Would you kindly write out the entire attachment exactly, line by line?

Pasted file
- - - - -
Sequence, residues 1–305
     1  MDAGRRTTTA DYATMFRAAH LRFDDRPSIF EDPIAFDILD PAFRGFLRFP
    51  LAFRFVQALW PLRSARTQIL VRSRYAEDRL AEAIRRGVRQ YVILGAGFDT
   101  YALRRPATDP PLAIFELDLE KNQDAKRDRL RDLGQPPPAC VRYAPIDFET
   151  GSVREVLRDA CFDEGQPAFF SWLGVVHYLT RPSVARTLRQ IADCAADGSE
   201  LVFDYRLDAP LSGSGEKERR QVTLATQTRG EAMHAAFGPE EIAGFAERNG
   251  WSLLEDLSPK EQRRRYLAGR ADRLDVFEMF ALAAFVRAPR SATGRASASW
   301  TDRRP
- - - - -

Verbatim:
Sequence, residues 1–305
     1  MDAGRRTTTA DYATMFRAAH LRFDDRPSIF EDPIAFDILD PAFRGFLRFP
    51  LAFRFVQALW PLRSARTQIL VRSRYAEDRL AEAIRRGVRQ YVILGAGFDT
   101  YALRRPATDP PLAIFELDLE KNQDAKRDRL RDLGQPPPAC VRYAPIDFET
   151  GSVREVLRDA CFDEGQPAFF SWLGVVHYLT RPSVARTLRQ IADCAADGSE
   201  LVFDYRLDAP LSGSGEKERR QVTLATQTRG EAMHAAFGPE EIAGFAERNG
   251  WSLLEDLSPK EQRRRYLAGR ADRLDVFEMF ALAAFVRAPR SATGRASASW
   301  TDRRP